Appeals Court says incarceration statistics do not impact hiring practices

On Behalf of | Apr 9, 2021 | Employment Law |

The 2nd Circuit Court of Appeals ruled in September of 2020 that national statistics on the racial makeup of felons incarcerated had no bearing on a tech company’s hiring practices. The proposed class-action claimed that Black people are incarcerated at a substantially higher rate in the United States, which leads to racial discrimination in hiring practices.

In this case, a tech company NTT Data Inc withdrew two job offers in 2017 after it learned that the applicants were previously convicted felons. The company, which is based in Japan with U.S. headquarters in Texas, said it had a policy for seeking workers with a background that included specific education and tech experience levels.

The plaintiffs argued that this standard was akin to applying a certain size requirement to NBA players or horse-racing jockeys. The two men also claimed that the policy had a disparate impact on Black job applicants, which is a violation of Title VII of the Civil Rights Act of 1964.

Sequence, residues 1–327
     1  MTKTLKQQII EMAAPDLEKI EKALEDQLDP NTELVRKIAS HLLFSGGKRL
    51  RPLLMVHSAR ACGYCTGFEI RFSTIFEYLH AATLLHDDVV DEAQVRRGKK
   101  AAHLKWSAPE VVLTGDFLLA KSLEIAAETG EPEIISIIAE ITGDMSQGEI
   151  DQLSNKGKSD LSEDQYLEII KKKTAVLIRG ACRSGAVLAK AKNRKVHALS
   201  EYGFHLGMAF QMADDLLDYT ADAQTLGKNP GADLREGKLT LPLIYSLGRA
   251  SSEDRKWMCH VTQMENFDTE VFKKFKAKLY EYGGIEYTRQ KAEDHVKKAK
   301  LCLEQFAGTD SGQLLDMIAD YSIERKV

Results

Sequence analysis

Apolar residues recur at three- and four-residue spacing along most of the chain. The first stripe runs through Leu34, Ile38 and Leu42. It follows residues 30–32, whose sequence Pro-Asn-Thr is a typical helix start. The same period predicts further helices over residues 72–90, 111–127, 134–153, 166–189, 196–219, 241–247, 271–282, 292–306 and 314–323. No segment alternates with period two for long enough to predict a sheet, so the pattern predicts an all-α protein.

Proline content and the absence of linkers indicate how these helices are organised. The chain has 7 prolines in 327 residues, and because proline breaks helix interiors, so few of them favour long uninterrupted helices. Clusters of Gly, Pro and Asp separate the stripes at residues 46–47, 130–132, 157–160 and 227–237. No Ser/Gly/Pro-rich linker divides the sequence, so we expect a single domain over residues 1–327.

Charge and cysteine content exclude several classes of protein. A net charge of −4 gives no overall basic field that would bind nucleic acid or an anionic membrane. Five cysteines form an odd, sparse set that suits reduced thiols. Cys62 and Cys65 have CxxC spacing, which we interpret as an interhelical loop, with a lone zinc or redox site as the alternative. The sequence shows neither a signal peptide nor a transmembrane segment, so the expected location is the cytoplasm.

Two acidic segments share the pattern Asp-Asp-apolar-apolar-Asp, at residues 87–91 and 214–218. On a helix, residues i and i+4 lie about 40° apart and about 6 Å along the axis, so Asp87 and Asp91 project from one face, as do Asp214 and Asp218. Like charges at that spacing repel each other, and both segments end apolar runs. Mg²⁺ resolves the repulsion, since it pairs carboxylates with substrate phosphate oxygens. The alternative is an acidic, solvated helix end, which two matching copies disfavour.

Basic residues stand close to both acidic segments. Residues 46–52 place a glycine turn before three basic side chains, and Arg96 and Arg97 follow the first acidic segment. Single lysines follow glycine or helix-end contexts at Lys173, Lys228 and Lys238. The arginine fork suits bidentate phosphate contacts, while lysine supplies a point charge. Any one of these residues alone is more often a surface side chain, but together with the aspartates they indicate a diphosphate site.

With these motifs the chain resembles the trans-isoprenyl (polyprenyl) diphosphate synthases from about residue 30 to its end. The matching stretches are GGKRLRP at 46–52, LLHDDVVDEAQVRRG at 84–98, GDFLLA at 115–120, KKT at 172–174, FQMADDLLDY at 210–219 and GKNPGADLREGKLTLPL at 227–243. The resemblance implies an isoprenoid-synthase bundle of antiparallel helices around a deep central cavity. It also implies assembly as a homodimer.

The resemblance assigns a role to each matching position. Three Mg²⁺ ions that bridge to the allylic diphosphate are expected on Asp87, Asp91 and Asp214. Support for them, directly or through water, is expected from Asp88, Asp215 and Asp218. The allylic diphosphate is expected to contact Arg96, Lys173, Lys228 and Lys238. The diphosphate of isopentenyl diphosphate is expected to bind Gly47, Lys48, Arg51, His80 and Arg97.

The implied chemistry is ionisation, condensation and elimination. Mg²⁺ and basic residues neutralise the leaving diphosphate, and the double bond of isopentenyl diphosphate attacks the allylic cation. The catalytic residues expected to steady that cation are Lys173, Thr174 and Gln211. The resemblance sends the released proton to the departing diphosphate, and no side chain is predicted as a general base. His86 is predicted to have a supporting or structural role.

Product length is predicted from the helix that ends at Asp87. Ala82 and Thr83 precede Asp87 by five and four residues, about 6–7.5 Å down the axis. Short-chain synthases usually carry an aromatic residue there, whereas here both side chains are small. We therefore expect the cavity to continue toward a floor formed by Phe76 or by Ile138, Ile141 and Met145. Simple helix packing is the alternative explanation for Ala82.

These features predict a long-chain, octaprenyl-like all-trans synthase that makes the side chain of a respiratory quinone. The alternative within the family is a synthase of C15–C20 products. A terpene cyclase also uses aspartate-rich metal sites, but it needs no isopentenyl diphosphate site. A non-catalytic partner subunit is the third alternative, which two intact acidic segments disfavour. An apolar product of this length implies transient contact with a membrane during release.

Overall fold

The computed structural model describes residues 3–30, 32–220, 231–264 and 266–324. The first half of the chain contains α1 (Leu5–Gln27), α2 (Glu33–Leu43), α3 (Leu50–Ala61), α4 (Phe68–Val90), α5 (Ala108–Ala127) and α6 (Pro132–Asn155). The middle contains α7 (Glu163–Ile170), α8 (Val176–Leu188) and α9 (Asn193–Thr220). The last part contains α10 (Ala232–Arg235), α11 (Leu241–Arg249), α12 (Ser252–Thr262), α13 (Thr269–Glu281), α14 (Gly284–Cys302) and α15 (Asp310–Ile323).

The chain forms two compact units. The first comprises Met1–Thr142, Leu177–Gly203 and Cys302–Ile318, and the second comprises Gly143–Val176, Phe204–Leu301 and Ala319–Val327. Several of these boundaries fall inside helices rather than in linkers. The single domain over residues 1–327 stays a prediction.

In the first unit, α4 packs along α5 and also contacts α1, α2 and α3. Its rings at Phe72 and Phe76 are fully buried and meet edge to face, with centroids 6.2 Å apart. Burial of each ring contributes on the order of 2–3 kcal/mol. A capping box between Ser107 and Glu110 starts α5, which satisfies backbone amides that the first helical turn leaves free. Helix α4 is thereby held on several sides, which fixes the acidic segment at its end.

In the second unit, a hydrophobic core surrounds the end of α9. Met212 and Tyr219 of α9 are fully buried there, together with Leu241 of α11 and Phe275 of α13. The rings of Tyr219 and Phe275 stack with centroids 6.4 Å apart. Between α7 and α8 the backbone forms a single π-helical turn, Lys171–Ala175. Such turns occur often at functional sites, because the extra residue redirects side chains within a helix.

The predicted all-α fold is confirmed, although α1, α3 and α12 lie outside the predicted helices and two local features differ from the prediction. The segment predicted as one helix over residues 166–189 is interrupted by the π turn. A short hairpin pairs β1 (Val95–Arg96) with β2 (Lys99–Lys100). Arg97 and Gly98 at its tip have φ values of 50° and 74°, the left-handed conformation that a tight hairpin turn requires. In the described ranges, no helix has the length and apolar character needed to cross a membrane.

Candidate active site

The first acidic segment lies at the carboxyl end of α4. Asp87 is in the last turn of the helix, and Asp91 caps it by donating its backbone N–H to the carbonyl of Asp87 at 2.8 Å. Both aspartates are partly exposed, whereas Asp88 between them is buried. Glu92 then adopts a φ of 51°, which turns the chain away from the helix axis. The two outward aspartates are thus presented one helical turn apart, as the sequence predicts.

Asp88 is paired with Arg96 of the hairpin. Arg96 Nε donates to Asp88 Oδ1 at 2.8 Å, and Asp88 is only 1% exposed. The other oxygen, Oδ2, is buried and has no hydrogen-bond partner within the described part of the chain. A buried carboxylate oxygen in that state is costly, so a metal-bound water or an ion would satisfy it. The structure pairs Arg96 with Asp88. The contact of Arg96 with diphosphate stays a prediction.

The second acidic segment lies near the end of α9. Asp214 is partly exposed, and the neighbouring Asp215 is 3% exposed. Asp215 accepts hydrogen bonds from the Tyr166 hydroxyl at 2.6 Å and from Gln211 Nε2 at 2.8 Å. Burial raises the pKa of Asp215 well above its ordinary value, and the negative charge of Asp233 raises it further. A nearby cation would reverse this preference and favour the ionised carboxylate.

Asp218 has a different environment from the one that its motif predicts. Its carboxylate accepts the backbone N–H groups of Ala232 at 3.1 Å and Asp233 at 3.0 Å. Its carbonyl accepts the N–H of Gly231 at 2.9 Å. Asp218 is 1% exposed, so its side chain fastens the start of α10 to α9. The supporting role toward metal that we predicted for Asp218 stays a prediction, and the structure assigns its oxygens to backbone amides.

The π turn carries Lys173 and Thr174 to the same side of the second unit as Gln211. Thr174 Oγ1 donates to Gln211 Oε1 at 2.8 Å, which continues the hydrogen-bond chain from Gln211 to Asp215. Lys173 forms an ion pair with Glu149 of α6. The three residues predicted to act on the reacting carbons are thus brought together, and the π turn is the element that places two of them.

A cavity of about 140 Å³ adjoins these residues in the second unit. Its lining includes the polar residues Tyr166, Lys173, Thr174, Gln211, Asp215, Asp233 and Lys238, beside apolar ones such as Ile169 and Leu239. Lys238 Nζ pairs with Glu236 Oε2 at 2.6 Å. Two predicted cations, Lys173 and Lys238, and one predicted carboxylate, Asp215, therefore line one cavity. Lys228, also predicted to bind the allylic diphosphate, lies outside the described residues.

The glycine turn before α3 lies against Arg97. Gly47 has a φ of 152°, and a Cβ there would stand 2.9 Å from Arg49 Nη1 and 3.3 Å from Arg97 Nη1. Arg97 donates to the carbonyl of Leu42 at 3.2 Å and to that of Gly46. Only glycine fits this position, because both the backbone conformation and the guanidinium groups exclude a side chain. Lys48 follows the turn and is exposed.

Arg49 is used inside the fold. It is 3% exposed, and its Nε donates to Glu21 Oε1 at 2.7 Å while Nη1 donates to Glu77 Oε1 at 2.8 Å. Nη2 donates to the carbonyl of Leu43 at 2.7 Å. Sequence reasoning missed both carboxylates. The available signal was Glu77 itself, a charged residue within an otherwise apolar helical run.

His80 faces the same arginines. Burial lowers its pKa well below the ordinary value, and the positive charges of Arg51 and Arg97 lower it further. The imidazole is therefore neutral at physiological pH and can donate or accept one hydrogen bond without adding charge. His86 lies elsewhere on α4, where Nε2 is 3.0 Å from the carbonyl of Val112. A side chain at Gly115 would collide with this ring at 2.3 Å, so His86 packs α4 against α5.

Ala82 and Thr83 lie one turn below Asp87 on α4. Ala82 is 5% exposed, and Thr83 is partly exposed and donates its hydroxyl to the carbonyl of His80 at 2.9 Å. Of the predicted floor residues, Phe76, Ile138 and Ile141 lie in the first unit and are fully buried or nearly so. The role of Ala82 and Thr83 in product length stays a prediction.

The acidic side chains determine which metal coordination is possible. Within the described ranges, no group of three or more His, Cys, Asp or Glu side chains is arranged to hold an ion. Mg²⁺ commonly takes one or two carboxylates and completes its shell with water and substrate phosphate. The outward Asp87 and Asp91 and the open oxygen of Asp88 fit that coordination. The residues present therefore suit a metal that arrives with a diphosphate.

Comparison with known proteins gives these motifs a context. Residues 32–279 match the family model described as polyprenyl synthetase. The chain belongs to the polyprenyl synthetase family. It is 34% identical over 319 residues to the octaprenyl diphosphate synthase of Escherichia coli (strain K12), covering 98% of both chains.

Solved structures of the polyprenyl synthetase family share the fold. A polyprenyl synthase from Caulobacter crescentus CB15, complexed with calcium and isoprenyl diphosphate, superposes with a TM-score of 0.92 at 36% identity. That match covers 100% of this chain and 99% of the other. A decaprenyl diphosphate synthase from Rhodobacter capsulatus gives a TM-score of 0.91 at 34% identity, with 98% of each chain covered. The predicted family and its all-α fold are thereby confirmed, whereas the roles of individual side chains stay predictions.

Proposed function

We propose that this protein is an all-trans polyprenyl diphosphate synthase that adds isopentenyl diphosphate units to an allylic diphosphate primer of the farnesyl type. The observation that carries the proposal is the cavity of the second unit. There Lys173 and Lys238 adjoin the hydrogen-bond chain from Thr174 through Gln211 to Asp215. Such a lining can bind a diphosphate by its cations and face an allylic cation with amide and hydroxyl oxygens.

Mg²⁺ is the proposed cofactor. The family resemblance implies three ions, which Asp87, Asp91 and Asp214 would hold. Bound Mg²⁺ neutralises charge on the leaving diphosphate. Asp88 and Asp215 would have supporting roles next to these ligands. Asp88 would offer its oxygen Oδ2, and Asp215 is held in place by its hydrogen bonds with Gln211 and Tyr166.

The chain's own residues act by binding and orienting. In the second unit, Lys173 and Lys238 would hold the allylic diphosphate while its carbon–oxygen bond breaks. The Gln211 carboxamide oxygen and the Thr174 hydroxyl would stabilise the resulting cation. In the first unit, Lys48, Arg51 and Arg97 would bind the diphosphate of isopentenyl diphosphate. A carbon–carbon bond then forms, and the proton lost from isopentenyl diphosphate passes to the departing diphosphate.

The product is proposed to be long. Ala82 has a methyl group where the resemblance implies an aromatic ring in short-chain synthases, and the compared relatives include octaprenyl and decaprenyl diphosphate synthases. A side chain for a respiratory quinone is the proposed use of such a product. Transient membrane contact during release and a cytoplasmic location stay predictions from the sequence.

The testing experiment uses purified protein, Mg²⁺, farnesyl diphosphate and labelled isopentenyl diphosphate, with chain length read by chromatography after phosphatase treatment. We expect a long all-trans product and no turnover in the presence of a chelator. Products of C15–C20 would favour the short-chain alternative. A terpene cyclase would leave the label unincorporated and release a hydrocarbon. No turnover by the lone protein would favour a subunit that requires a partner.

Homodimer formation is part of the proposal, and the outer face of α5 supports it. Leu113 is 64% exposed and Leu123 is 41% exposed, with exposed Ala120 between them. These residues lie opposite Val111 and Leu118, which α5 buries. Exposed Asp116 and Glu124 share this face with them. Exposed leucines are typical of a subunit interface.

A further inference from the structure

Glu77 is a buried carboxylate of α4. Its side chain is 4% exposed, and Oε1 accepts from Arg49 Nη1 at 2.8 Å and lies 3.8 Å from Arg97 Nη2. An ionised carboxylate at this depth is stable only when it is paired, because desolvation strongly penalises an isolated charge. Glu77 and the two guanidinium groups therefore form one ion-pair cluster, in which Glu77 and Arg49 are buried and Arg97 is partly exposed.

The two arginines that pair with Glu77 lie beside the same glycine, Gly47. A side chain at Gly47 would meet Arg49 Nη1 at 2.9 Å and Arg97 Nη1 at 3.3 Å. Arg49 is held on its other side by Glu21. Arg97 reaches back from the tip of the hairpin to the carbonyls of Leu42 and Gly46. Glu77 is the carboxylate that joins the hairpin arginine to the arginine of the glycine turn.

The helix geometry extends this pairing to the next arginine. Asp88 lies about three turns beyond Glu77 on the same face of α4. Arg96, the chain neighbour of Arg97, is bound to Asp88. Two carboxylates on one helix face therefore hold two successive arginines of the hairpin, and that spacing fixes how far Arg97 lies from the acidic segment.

Case dismissed

A U.S. District Judge dismissed the case in 2019, saying that national statistics showing the disparity of imprisonment (Blacks make up 13% of the U.S. population, but 40% of the prison population) did not adequately reflect a disparity black applicants for jobs at NTT.

The appeal was 2-1 split

The panel of three judges voted 2-1 in support of the District Judge, pointing out that incarceration rates do not reflect the pool of talent NTT was seeking. The lone dissenter pointed out that the plaintiffs essentially had set too high a bar of proof, pointing out that the other judges expected the plaintiffs to prove their claim in order to defeat the initial motion to dismiss.

Attorneys can fight for job applicants’ rights

The plaintiffs were not successful in this instance, but this should stop others who believe their application was dismissed due to racial bias or another violation of Title VII. Those with questions about a potential case can speak with an experienced employment law attorney.